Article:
He recently referred to himself as “the czar of capital dollars.”
With San Marino’s shiny new Capital Improvements Plan ready to be cemented when the 2018-19 budget is adopted, Michael Throne is ready to put it into action. As the director of the city’s Parks and Public Works Department and also the city engineer, the plan is his baby, so to speak. The program is the city’s first. Continue reading “City Set to Take Long View on Capital Upgrades”
In preparing the city’s budget for the next fiscal year, department heads have been asked to either trim expenses or to maintain expenses and improve efficiency — but the City Council avoided phrasing any reduction or improvement as a specific order.
City Manager Marcella Marlowe said she plans to present a fairly maintained General Fund budget — one that doesn’t substantially add or reduce from the current year — as she continues to iron out the wrinkles of prior bureaucratic mismanagement in City Hall. Parks and Public Works Director Michael Throne outlined a plan to develop his department’s “assembly line” that will allow the city to aggressively address deferred infrastructure maintenance. Continue reading “City Council Budget $28 Million: Now, How to Spend It?”
The City Council has taken the next step to what will likely result in public works projects becoming the routine for the foreseeable future.
Moving forward, the city will maintain a reserve fund balance of about 40% of General Fund revenues, with any exceeding amount to be transferred to either a Capital Projects Fund or a Capital Equipment Fund. The reserve fund balance will be used only for one-time expenditures in response to unanticipated needs or shortfalls in revenue, and if that happens, the city will plan to rebuild the balance back to the 40% benchmark as quickly as practical. Continue reading “City Council Ensures Capital Projects Funding”
The so-called “Big Dig” won’t be as big after the Los Angeles County Board of Supervisors approved a scaled-down version of the Devil’s Gate Dam Sediment Removal project Tuesday.
Instead of the 2.4 million cubic yards previously approved for removal from the Hahamongna Watershed Park behind the Devil’s Gate Dam, now 1.7 million cubic yards will be scheduled to be removed over a three- to five-year span.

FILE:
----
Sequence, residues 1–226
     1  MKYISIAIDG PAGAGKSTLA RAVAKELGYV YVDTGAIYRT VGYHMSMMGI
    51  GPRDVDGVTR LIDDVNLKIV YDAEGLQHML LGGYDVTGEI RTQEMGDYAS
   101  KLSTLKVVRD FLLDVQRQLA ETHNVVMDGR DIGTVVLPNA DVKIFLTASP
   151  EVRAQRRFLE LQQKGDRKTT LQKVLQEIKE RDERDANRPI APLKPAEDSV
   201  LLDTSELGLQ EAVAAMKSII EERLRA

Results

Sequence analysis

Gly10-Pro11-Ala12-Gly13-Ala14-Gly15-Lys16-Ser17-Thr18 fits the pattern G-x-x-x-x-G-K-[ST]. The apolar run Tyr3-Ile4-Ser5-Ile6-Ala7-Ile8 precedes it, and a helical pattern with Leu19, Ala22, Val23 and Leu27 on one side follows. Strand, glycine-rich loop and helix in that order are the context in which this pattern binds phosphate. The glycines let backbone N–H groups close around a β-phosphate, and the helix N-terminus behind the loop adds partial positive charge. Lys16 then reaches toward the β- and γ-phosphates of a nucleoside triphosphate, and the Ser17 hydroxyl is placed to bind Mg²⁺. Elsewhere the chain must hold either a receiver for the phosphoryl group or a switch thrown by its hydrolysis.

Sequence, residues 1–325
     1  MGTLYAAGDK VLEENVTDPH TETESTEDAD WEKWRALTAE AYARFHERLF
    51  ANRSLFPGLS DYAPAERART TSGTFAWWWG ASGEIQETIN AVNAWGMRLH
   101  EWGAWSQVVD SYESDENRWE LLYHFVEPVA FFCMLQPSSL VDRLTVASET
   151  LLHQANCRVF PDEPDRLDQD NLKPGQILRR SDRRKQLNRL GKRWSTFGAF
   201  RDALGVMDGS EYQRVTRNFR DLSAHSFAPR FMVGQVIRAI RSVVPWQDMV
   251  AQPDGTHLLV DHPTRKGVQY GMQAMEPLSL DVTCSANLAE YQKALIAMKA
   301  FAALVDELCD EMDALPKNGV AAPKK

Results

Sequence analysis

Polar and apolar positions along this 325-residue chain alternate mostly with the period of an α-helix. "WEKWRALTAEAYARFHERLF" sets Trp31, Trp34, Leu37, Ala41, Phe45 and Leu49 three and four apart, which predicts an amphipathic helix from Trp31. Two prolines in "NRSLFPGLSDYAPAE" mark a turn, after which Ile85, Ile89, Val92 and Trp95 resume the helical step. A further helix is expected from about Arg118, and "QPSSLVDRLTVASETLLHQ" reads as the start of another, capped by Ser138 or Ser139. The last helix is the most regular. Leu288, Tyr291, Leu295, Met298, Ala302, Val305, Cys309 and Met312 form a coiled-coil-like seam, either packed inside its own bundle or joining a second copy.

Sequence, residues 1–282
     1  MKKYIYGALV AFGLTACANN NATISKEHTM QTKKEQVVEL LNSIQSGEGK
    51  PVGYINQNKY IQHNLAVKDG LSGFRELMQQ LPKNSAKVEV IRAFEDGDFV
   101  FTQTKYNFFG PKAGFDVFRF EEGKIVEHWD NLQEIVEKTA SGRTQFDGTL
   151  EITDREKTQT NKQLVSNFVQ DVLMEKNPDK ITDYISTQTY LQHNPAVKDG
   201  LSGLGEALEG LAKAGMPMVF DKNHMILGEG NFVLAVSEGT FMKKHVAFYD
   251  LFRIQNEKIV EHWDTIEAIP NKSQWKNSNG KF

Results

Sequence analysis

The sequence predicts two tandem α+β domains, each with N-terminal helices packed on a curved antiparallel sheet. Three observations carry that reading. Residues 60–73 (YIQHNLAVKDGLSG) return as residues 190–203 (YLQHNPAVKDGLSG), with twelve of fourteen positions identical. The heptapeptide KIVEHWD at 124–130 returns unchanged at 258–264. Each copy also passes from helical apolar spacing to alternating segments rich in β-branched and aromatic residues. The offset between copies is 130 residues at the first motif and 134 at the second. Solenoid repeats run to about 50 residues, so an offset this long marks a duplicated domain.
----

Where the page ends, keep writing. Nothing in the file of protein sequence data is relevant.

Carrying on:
That’s still more than the 1.1 million cubic yards suggested in a plan set forth by the city of Pasadena and championed by environmentalists. Nonetheless, several speakers at Tuesday’s meeting expressed satisfaction about the compromise, which passed 5-0 after being proposed by L.A. County Supervisor Kathryn Barger at Tuesday’s board meeting. Continue reading “Devil’s Gate Dam Sediment Project to Get Smaller”
All seven City Council candidates were on hand for the San Marino City Club-sponsored forum at San Marino High School last week, all of whom made the most of the two hours to tout their campaigns to prospective voters.
Taking the stage in Neher Auditorium roughly a month out from the Nov. 7 election, candidates answered a variety of questions that were prepared ahead of time, anonymously submitted to each other among themselves and also from audience members. The auditorium was roughly half full.
The candidates are, alphabetically, Dr. Hai-Sou Chen, Susan Jakubowski, Scott Kwong, Calvin Lo, Gretchen Shepherd Romey, Eugene Sun and Ken Ude. Continue reading “SM City Council Hopefuls Take Questions at Forum”
City officials hope a new right-turn pocket will at least slightly ease congestion at La Cañada Flintridge’s busiest intersection of Angeles Crest Highway and Foothill Boulevard.
On Tuesday night, after the update was discussed at the City Council meeting, crews finished painting the new lane, which will allow vehicles headed eastbound to turn directly onto the 210 Freeway without having to queue up behind cars lined up to drive straight on ACH.
Powerful winds knocked down at least 10 trees Friday morning in La Cañada Flintridge. Felled trees of varying sizes crashed onto parked cars, damaged at least one home’s roof and rattled nerves. No injuries were reported.